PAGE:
• Anneli Sarhimaa is the professor of the Northern European and Baltic languages and cultures at the University of Mainz since 2002. She coordinated the international, interdisciplinary project ELDIA (European Language Diversity for All, 2010-2013; www.eldia-project.org/). Sarhimaa got her Ph.D. in linguistics from the University of Helsinki in 1999 and was nominated a Docent (associate professor) in Finnic languages and linguistics at the Faculty of Humanities of the Helsinki University in 2002. Since the late 1980s she has investigated Karelian (a Finnic minority language related to Finnish and Estonian and spoken in northwestern Russia) within a number of successive research programmes and with varying linguistic foci. Her latest research project, a case study within the framework of the EU-FP-7 Project ELDIA, was concerned with Karelian as a minority language in Finland and has resulted in several publications, the latest of which is a book to appear in August 2017, Vaietut ja vaiennetut: karjalankieliset karjalaiset Suomessa (‚Surrounded by silence, forced to remain silent: The Karelian-speaking Karelians in Finland’, see http://www.sneb.uni-mainz.de/files/2017/06/vaietut_ja_vaiennetut.pdf).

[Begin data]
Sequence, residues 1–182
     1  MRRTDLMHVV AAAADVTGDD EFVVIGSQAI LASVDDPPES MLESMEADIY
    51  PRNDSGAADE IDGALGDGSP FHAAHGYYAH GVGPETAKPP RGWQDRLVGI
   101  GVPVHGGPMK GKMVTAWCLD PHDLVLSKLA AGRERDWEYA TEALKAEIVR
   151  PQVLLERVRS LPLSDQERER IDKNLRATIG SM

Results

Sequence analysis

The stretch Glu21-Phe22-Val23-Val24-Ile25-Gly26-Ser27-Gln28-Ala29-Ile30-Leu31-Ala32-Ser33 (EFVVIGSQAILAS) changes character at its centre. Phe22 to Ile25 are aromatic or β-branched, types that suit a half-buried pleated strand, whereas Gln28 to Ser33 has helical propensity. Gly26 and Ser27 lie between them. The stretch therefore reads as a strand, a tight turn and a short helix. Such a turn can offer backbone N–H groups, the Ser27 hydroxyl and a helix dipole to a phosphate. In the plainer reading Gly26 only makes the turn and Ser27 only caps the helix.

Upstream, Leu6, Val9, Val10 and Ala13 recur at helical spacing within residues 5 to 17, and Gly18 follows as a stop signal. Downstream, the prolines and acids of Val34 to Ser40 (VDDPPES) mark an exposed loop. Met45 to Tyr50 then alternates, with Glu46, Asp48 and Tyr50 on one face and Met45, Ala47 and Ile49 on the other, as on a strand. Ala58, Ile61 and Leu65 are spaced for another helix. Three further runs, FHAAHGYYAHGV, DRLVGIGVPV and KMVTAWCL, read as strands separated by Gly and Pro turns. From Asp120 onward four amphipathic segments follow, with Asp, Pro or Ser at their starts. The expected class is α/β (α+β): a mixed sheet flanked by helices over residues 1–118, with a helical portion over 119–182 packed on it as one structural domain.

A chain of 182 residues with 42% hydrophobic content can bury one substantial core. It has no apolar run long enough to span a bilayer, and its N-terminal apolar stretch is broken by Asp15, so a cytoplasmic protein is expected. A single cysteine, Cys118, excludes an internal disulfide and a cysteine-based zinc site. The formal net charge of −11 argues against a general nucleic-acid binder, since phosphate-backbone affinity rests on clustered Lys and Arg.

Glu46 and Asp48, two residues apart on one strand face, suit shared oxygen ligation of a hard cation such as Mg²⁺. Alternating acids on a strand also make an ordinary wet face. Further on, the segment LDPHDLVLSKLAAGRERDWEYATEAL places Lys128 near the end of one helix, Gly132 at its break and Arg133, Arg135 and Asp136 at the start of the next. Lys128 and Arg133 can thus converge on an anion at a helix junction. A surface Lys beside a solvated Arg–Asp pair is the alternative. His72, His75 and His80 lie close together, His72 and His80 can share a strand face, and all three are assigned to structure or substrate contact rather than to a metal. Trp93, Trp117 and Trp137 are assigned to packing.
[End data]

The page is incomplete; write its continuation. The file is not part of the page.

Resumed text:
• Maritta Stoor-Lehtonen (M.A.) is a retired lecturer in speech communication. Mrs Stoor-Lehtonen is a vice-chair in Bárbmu ry, Sami association of inland Finland. She is also a member of advisory board of ethnic relations (ETNO) in Pirkanmaa and Central Finland. 
  • Corinna Tammenmaa is Senior Adviser for Language Affairs at the Ministry of Justice in Finland. She is a specialist on linguistic rights in Finland. She has got broad experience of preparing legislation in different roles. Her area of responsibility is the Language Act, the Sami language Act, the Sign language Act and the Act of Knowledge of Languages Recuired of personel in Public Bodies.  She also prepares the Report of the Government on the application of language legislation that will be given to the parliament during year 2017 and the plan of action to implement the Strategy for the National Languages of Finland. She is also secretary general of The Advisory Board on Language Affairs. Mrs Tammenmaa received her Master of Law degree from the University of Helsinki. She has previously worked at the Association of Finnish Local and Regional Authorities, as Special Adviser for the Minister of Migration and European Affairs, as layer at attorney's office and as Secretary of Legislation at the Swedish Parliamentary Group. Mrs Tammenmaa represents the Swedish speaking population in Finland.